Link Up!

By joining the Home Matters Linky Party you are giving permission for all hosts and co-hosts to use and share any part of your post, including pictures, for party promotion, as featured posts, in party photo collages, on blogs, and across social media, etc. All credits will be given to the original source. Also, you will receive a weekly email reminder regarding the new week’s Home Matters Linky Party.

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Thank you for joining in the fun and excitement at the Home Matters Linky Party. We hope you enjoy it as much as we do. We look forward to chatting with you in the comments.


Don’t have a blog, but want to Remember to Party With Us each week?
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You can still sign up for our Email Party Reminders. Click below for a form…







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Plant Diseases – How To Identify Them In Your Garden

Learn how-to identify common plant diseases. And get prevention and disposal tips from our regular contributor, Megan Wild.



How to Identify Garden Plant Diseases

Identification, Prevention, and Disposal


Gardening can be a true pleasure. It gets you outdoors to enjoy the fresh air and sunshine, but it isn’t always easy. Whether you choose to grow fruit, flowers or a little bit of both in a large vegetable plot, you’re dependent on the weather and soil conditions for a large part of your success. Even if you get all the rain you need and avoid ill-timed frosts and freezes, your garden can fall subject to insect damage and plant diseases.


Luckily, identifying plant diseases is easier than ever with the help of the internet. Early identification and treatment are the best way to save your plants from imminent disaster. Check out these tips for preventing plant diseases and treating the most common sources of distress for gardeners.


Basic Prevention Methods


Strong plants are less likely to succumb to disease, so your prevention plan should start from the moment you plant the seeds. Choose plant varieties that are disease resistant and well suited for your growing area. For example, if you live in a dry area, choose drought-hardy varieties. Consider selecting native plants that will work best in your soil and climate.


Once your seeds have been sown and transplants set out, make sure your plants receive adequate water and fertilizer throughout the growing season to keep them strong and healthy. Some plants are light feeders while others need extra nutrients, so do a little research to know how to care for each of your plants. Make sure to prevent invasive species from getting into your garden.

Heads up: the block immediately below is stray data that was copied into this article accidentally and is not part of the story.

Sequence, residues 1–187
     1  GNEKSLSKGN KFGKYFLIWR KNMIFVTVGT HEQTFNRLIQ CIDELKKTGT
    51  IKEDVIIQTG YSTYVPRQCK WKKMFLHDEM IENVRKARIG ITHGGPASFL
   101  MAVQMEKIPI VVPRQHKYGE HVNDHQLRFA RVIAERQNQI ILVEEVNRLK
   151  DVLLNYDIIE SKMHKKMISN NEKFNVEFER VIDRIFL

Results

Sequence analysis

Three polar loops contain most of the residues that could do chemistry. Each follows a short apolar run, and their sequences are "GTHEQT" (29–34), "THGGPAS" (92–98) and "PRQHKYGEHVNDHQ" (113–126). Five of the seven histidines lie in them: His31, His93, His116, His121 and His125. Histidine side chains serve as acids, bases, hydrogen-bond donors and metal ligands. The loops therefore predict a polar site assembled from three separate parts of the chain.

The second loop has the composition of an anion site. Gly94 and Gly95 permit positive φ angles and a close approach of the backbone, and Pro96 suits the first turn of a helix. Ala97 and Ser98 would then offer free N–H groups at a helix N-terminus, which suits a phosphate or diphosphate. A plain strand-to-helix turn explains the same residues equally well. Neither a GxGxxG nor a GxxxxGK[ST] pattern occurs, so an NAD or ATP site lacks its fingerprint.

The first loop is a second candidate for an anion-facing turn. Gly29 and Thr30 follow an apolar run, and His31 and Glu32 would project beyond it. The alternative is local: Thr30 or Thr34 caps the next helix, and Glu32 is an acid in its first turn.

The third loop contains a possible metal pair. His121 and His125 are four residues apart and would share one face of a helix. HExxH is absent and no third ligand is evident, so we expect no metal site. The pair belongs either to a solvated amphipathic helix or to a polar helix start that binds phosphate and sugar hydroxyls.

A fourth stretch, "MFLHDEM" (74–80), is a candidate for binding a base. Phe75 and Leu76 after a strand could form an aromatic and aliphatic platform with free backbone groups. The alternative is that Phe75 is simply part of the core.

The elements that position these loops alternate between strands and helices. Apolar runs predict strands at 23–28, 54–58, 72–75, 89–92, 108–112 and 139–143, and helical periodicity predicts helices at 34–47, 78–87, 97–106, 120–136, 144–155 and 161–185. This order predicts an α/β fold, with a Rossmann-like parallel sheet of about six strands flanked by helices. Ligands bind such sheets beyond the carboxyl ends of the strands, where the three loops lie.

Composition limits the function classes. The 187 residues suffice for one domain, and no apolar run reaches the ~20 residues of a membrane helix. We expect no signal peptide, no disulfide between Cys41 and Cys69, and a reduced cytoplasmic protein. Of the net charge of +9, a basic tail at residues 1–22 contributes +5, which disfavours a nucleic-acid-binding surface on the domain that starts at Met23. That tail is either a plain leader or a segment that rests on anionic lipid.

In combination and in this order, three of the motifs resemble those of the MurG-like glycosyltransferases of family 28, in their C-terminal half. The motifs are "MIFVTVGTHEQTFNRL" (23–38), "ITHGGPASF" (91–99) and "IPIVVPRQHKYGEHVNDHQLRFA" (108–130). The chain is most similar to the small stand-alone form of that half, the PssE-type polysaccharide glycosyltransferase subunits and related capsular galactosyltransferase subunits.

Common Plant Diseases


If your plants are wilting or discolored despite your best efforts, you might be dealing with an infection. Check your plants for signs of insect damage first — you’ll usually be able to see bugs, eggs or holes in the leaves. Once you’ve ruled out the creepy-crawlies, compare your plant’s issues to these common diseases to diagnose the problem:

  • Powdery Mildew: This fungal infection covers plant leaves with a white, powdery substance. It’s common in periods of high humidity when plants are stressed by drought. Keep plants watered and prune to improve airflow.
  • Black Spot: The bane of rose gardeners everywhere, black spot is another fungal infection that strikes leaves subjected to too much moisture. Water roses directly at ground level and remove infected leaves to prevent its spread.
  • Tomato Blight: This fast-spreading disease begins as dark brown spots on the leaves of tomato and potato vines. The fungus overwinters in the soil and spreads across plants from the ground up, causing it to lose leaves and eventually die. Remove infected plants to prevent its spread.
  • White Mold: This fungus grows in wet conditions and looks like a cottony patch on your plants blossoms or leaves. Use drip irrigation instead of overhead watering to keep leaves dry, and give plants plenty of space to increase airflow and keep white mold at bay.


Disposing of Diseased Plants

After carefully tending your garden all year, I know how painful it can be to have to say goodbye to once promising plants. Pruning off a portion of your favorite plants — or worse, uprooting them entirely — is never ideal. Disease prevention often requires gardeners to make hard choices to prevent infections from taking over your entire garden.


There are a few methods you can use when removing diseased plants from your garden; they include composting or burning. Many choose to avoid composting because if the diseased or invasive plant has ripe seeds, because in the right conditions, the plant could still germinate. If you choose to burn these plants, a wood grinder can make quick work of large of diseased plants, bush branches, or tree parts, making them easier to fit into your fire pit or burn pile.


In the end, it’s better to lose one plant than all of them. Each time you deal with a new disease or pest, you have the opportunity to do some research and learn more about your garden. Soon you’ll be armed with a wealth of experience and experimentation that leads you to the perfect, thriving garden for your particular microclimate.



Visit Megan at her blog, Your Wild Home!